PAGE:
Windows Studies

Microsoft Windows must be the largest, most sophisticated operating system ever written. At its height of success—no, dominance—Windows was installed onto all but a few percent of the computers that it was designed to run on. Even now, talk of its being no longer dominant is less a story of being dethroned by competing operating systems for computers than of a great broadening of what technologists count as a computer.

This website’s interest is in software that runs on computers that derive from the IBM Personal Computer. These are the computers that the mass market in computing was built on. Whether as personal computers or servers, these are still the overwhelming bulk of electronic devices that consumers actually do think of as computers.

What is a Computer?

The day is perhaps not far off that my fridge will be a computer. Perhaps yours already is. Most cars, tractors and even jet engines already are. Above all, most mobile phones are. From a historical perspective, they are rather powerful computers. But do ordinary people really think of their phones as computers? Are any of these devices any more of a computer than is my 25-year-old hi-fi component that has a central processor, hard disk and other peripheral devices, a file system, an operating system with a primitive user interface, and even a serial port through which to update the program that executes from ROM? We might as well say that a Jacquard loom from the early 19th century was a computer—which in some very real sense it was. In another sense, the term computer is nowadays applied so widely that it risks being meaningless.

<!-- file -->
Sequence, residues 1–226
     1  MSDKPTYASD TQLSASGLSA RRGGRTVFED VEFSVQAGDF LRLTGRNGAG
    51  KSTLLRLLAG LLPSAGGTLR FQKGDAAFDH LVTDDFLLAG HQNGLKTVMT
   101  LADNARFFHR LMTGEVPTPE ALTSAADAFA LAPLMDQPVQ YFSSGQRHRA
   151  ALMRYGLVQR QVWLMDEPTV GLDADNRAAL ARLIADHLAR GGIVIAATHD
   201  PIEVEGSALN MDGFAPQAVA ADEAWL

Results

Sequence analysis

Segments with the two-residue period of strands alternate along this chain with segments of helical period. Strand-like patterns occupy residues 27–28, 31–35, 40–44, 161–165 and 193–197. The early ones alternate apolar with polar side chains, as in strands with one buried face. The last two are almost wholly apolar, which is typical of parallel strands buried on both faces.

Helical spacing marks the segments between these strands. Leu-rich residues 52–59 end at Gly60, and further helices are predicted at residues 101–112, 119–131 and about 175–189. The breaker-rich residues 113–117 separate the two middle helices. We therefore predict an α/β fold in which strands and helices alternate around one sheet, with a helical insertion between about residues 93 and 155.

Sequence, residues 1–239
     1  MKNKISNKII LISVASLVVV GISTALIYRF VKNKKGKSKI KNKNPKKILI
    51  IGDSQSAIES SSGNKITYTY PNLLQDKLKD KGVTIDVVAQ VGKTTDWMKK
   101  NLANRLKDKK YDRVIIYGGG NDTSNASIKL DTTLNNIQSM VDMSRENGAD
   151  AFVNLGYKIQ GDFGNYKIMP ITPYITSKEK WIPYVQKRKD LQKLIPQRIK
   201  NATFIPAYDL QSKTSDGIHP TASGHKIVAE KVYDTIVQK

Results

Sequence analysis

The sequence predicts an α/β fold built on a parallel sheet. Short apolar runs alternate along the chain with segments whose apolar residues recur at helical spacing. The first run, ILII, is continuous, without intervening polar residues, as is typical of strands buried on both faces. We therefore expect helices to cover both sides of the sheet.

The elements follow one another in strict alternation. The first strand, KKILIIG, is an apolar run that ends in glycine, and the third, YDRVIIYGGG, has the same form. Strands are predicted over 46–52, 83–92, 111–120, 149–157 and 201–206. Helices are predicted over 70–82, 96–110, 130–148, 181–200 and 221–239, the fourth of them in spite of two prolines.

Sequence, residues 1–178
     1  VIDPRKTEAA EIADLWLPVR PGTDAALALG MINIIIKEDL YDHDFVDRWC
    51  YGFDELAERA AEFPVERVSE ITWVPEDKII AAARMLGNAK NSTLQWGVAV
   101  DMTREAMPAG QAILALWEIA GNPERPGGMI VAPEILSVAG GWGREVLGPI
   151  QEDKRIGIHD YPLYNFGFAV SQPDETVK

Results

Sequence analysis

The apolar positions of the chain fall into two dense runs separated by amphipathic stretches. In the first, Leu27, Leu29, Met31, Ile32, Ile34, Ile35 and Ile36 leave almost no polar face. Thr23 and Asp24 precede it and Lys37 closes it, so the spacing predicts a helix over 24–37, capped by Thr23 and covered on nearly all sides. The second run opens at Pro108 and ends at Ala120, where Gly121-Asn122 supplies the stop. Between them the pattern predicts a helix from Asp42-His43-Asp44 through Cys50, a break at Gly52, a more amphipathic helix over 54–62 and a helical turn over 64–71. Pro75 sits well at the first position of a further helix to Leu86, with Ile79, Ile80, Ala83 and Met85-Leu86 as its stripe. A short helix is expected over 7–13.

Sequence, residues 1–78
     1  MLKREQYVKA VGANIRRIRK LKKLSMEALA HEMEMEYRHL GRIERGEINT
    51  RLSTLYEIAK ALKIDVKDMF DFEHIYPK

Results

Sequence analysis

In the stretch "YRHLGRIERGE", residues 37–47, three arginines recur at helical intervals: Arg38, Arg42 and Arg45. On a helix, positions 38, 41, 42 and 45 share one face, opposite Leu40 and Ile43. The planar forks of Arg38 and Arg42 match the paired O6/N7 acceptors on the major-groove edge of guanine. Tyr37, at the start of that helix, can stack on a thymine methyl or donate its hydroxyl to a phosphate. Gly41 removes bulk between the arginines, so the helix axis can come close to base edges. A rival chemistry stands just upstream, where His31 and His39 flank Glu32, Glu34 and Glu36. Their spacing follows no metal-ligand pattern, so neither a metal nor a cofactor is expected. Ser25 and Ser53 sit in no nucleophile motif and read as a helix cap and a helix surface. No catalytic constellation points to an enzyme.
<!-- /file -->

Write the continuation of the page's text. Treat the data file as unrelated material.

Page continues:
I tend to think that what makes a computer a computer is the generality of programs it will execute. At one extreme is a machine that has the typical components of a computer but is limited to executing just one program that can only be changed by the manufacturer as a firmware update. Technologists may count this device as a computer, especially if it connects to the Internet, but few of its actual users would think of it as a computer. There’s not enough generality to its purpose. At the other extreme is a machine that runs an operating system that in turn lets its owner load yet more programs. The owner might write such programs. More likely, the owner obtains programs from software manufacturers. The more that the programs can be arbitrary (subject only to technical requirements of the machine and operating system), the more general is the device’s purpose, and the more widely will the device be perceived more as a computer than as a phone or fridge.

The fortune of Microsoft was built on Windows (and MS-DOS before it) as an operating system for general-purpose computers to execute a generality of other people’s software. Mass-market computing was built on this too. Microsoft is too often not given enough credit for this. An open architecture for the hardware was the gift of IBM, but Microsoft matched this with a progression of operating systems whose support for arbitrary other software was both very general and remarkably stable. That you can realistically be surprised if 64-bit Windows 10 in 2021 doesn’t run a 32-bit Windows program that was written for Windows NT 3.1 in 1993, nearly thirty years ago, is no small achievement from Microsoft’s sustained attention to backwards compatibility.

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